Vision from the Venerable Mother Juana de Jesús María (Siglo XVIII) by CamargoColonial Museum
Mystical experiences were frequent in the religious communities of the colonial era, both in Europe and in America. Nuns and their confessors recorded these experiences more or less freely, since Council of Trent (1545-1563) reform so decreed.
Painting was, among others, a medium in which a testimony of mystical events was left. Such is the case of this oil on canvas that shows the vision of the venerable Mother Juana de Jesús María, in which appear to her the Virgin, the Child and Saint Joseph.
The experience is narrated in two texts: Nueva Maravilla de la Gracia, descubierta en la vida de la venerable madre Sor Juana de Jesús Mária Monja del gravíssimo convento de Santa Clara de Burgos, written in 1676 by Francisco de Ameyugo; and in Vida que de su mano escribió la venerable madre Gabriela de san José, dating from the early eighteenth century.
Mother Gabriela, a Discalced Carmelite, entered Purísima Concepción, a convent placed in Úbeda, Spain, in 1649. In her time, she was recognized for her exemplary life. Her text narrates a mystical episode of another nun, who was seen then as a life model, with the purpose of making the fact known in a society obsessed with religion.
Because Mother Gabriela mentions Juana de Jesús María in her text, she is represented in the painting wearing the Discalced Carmelites dress: brown habit, white cape and black veil. However, the venerable Juana belonged to the convent of Saint Clair of Burgos, Spain.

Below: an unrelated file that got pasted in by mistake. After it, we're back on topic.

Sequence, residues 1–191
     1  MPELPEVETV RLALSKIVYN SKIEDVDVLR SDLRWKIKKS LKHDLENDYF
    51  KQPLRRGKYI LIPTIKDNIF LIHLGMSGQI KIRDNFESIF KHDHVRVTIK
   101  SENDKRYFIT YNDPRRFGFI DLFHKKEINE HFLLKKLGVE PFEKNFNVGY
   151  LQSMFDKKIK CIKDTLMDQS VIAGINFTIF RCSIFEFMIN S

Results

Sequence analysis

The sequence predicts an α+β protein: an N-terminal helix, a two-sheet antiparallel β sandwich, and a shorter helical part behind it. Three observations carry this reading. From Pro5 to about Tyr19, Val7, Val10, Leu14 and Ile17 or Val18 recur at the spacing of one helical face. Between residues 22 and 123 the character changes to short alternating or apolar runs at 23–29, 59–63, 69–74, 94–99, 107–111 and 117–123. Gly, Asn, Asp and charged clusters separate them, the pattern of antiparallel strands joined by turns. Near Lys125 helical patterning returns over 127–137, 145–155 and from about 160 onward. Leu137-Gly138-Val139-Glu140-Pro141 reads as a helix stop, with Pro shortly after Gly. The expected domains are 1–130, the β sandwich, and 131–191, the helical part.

Kneeling before the characters of her vision, Mother Juana gazes upward while extending both arms towards Christ Child. The disposition of his body denotes the amazement she feels.
Standing and guiding a donkey with the halter, we see Saint Joseph, who leads the group of divine figures present on the scene. The saint wears a short green tunic and an ocher-colored cloak. Two iconographic elements confirm the identity of the character: the black wide hat that covers his head and the wooden stick that he holds in his left hand. Despite the presence of the nun, his gaze is directed towards the Virgin.
Seated on the donkey's back and covered with a wide blue cloak typical of her iconography, we see the Virgin, who holds a naked Baby Jesus in her hands. Slight halos of light surround the heads of the mother and the Child who, located in the center of the composition, occupy a higher place than the other characters. These aspects of the representation emphasize the importance of Mary and her son.
The Virgin extends her arms towards the nun, as she asks to carry the Child. Responding to the request, the little boy directs his eyes and arms towards Mother Juana.
In consideration of how Saint Joseph, the Virgin and the Child are organized in the vision of Mother Juana, the painter decided to represent them in the scene of the flight into Egypt, narrated in the Gospel of Matthew. There it is referred the departure of the family to Egypt, fleeing the persecution decreed by Herod, who, fearful of losing his sovereignty due to the announced birth of the King of the Jews, orders the execution of children under two years of age.
At the moment when the vision of Juana de Jesús María occurs, the three characters were heading towards an inn that can be seen on the left side of the composition. In its vicinity, we see two shepherds surprised by the arrival of the Holy Family. The prayerful position of one of them helps to emphasize the importance of the central characters.
During the colonial period, artworks were not usually signed, so stand out on this canvas the painter's signature —which in this case corresponds to his surname— and the date: “Camargo pinsebat 1717”. From this, it is inferred that the artist of the canvas may have lived between the late seventeenth and early eighteenth centuries, when he composed the painting.
María Constanza Toquica Clavijo
Manuel Amaya Quintero
Anamaría Torres Rodríguez
María Isabel Téllez Colmenares
Paula Ximena Guzmán López
Tanit Barragán Montilla
CommunicationsAndrea Valentina Bastidas Cano